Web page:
There are two identical satellites tracking the InSight through space, both from the CubeSat family. Internally nicknamed Wall-E and Eva, after the Pixar characters, the satellites are officially known as MarCO-A and MarCO-B. Their mission is to document the journey of the mission and, should they survive the trip, the lander’s entry into the Martian atmosphere.
The photo shown by NASA was taken by MarCO-B’s wide-angle camera situated on the deck of the CubeSat. On either side of the image, you can see parts of the high-gain antenna of the satellite.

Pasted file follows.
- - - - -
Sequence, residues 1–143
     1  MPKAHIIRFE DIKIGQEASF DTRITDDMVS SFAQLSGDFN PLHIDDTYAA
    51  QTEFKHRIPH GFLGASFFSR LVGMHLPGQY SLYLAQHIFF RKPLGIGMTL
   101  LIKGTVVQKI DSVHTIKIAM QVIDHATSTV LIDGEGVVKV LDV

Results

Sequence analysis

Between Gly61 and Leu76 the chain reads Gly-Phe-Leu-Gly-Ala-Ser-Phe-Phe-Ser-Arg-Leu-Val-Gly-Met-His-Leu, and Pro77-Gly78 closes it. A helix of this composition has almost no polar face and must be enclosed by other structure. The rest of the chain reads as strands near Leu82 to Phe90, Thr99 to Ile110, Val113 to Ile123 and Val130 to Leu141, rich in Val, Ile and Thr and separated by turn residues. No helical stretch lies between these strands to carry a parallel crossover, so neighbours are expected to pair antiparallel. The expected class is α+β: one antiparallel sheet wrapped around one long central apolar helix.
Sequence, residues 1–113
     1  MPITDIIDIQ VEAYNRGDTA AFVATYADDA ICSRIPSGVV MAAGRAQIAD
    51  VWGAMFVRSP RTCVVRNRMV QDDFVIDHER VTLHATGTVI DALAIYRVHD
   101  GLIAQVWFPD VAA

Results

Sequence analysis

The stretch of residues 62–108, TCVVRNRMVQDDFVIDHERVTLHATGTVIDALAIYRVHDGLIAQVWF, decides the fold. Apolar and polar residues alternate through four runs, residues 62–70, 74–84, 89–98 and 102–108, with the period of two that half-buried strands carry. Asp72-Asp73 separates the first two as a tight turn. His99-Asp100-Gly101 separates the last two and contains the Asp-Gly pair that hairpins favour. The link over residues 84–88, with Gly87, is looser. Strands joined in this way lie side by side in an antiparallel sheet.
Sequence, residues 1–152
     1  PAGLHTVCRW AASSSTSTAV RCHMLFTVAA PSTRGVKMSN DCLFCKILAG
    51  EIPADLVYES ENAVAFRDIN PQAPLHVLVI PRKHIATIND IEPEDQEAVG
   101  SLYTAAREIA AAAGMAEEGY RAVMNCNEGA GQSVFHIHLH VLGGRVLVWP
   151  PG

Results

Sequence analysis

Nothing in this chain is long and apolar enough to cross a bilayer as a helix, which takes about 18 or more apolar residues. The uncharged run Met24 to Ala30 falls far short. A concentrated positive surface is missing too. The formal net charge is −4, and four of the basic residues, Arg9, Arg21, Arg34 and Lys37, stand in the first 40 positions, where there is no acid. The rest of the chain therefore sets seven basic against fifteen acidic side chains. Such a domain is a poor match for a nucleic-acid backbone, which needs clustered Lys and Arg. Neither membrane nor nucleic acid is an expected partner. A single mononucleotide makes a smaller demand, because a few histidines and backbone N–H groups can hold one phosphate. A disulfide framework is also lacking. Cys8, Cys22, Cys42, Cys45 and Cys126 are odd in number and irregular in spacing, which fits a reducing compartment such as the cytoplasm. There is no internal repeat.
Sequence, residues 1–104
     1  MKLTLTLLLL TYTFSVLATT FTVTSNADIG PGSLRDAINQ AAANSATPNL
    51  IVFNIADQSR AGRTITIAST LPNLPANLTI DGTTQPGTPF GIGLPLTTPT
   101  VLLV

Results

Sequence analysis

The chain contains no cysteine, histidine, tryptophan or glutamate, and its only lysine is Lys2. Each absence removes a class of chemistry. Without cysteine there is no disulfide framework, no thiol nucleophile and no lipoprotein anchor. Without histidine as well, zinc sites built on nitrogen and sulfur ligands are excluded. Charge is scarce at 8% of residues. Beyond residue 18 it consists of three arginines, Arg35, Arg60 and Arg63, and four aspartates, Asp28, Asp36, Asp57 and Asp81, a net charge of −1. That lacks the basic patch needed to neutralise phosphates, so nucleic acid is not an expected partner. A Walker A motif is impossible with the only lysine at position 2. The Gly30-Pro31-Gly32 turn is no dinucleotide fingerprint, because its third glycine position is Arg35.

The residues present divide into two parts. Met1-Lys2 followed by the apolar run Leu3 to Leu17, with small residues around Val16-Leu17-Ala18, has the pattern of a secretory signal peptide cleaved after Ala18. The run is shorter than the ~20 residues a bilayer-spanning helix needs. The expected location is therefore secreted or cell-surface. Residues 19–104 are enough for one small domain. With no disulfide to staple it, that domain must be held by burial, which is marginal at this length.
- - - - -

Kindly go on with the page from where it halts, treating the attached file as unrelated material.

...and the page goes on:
"We've been waiting six months to get to Mars," said in a statement Cody Colley, MarCO's mission manager at JPL. "The cruise phase of the mission is always difficult, so you take all the small wins when they come. Finally seeing the planet is definitely a big win for the team."
The CubeSat family started life as a tool for NASA to teach engineering students how to build spacecraft. Because they are the size of briefcases, the machines have been chosen to become assistance tools for the various missions NASA plans in the future, including the building of a lunar-orbital space station.
The mission InSIght will have on the Red Planet is to study Mars' deep interior using seismology and other geophysical measurements, including an ultra-sensitive seismometer and a heat-flow probe.